If I had to pick my favorite episode of Star Trek: The Next Generation, the clear winner would be "The Inner Light." Some classic episodes like "Darmok," "Frames of Mind," "Remember Me," "Time's Arrow," "The Chase," and "Best of Both Worlds" would be up there in the top ten, but "The Inner Light" not only has a beautiful story, but a deep, heartwrenching bittersweetness, made even more poignant by a tour-de-force performance by Patrick Stewart as Captain Jean-Luc Picard.
If you've not seen it, the plot revolves around the Enterprise encountering a huge space station of some kind, of apparent antiquity, and in the course of examining it, it zaps Captain Picard and renders him unconscious. What his crew doesn't know is that it's dropped him into a dream where he's not a spaceship captain but an ordinary guy named Kamin, who has a wife and children and a job as a scientist trying to figure out what to do about the effect of his planet's sun, which has increased in intensity and is threatening devastating drought and famine.
As Kamin, he lives for forty years, watching his children grow up, living through the grief of his wife's death and the death of a dear friend, and ultimately grows old without ever finding a solution to his planet's dire circumstances. All the while, the real Captain Picard is being subjected to ongoing interventions by Dr. Crusher to determine what's keeping him unconscious, and ultimately unsuccessful attempts to bring him out of it. In the end, which makes me ugly cry every damn time I watch it, Kamin lives to watch the launch of an archive of his race's combined knowledge, realizing that the sun's increase in intensity is leading up to a nova that will destroy the planet, and that their civilization is doomed. It is, in fact, the same archive that the Enterprise happened upon, and which captured Picard's consciousness, so that someone at least would understand what the civilization was like before it was wiped out tens of thousands of years earlier."Live now," Kamin says. "Make now always the most precious time. Now will never come again."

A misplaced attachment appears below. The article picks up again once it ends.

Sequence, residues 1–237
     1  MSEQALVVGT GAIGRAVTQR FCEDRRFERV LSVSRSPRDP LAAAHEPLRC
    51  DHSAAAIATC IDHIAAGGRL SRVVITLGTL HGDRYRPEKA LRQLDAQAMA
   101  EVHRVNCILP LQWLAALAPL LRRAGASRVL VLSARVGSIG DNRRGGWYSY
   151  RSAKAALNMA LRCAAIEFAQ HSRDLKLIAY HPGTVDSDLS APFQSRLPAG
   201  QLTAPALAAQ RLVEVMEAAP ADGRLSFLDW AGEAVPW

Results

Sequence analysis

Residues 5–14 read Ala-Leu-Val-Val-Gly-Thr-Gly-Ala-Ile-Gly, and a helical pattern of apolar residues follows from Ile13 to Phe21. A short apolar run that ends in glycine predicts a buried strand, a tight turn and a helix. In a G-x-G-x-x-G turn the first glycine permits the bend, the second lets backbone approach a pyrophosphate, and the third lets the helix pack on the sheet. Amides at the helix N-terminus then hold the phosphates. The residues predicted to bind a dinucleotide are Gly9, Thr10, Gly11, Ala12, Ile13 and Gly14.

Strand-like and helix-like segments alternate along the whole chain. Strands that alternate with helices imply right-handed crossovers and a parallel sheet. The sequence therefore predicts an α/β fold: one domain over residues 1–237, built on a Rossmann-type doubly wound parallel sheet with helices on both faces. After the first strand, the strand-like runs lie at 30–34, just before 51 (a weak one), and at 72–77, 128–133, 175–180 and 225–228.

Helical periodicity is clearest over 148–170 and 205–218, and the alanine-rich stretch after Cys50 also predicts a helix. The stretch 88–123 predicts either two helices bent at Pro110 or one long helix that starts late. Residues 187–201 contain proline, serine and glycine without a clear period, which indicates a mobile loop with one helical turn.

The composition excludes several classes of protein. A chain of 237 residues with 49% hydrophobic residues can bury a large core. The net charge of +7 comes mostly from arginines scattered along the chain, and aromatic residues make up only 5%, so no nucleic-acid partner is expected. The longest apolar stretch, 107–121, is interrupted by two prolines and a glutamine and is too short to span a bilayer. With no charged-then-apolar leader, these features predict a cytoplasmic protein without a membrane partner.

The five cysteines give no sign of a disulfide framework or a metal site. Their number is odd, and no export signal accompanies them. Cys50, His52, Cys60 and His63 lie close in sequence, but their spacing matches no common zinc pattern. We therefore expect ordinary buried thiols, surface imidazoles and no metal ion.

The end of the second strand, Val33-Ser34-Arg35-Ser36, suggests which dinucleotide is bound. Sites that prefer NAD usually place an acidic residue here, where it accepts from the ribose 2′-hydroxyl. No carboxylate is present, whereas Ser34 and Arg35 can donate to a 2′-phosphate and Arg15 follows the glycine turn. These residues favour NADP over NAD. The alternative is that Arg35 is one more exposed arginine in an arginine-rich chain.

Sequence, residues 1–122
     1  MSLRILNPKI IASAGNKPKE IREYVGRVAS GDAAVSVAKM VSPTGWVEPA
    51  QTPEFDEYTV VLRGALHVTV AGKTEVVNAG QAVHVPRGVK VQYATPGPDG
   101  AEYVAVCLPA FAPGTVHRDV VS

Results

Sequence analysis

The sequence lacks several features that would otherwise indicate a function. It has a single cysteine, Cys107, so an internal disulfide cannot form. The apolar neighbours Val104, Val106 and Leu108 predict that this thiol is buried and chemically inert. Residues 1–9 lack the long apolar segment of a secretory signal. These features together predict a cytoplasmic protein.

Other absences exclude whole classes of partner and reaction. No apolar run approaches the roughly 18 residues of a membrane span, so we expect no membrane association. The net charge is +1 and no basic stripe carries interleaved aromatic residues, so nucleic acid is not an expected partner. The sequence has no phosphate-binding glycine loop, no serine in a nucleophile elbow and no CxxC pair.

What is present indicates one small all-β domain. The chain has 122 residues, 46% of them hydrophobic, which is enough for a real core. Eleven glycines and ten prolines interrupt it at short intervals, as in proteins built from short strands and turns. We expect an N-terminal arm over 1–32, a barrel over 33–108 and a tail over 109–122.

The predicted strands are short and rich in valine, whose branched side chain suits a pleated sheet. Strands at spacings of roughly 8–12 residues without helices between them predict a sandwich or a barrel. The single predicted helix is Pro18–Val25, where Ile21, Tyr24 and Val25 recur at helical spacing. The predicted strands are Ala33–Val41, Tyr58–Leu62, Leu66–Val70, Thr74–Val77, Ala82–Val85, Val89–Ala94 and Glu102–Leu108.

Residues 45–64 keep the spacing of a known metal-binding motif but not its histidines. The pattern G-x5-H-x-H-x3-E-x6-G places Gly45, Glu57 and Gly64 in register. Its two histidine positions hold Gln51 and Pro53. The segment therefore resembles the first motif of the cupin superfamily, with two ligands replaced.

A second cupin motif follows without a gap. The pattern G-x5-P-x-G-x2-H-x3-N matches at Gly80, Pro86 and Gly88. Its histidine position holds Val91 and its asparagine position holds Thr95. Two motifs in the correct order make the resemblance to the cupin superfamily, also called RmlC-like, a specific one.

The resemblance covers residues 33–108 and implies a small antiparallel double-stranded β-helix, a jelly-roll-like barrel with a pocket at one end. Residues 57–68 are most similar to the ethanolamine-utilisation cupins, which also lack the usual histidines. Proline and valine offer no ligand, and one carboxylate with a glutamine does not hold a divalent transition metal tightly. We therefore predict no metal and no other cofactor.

"In one case, we are looking at planet formation around a star that was formed in the Galactic halo, 11-12.5 billion years ago, hence it must be one of the oldest planetary systems known so far," said study co-author Pier-Emmanuel Tremblay, in an interview in Science Daily. "Another of these systems formed around a short-lived star that was initially more than four times the mass of the Sun, a record-breaking discovery delivering important constraints on how fast planets can form around their host stars."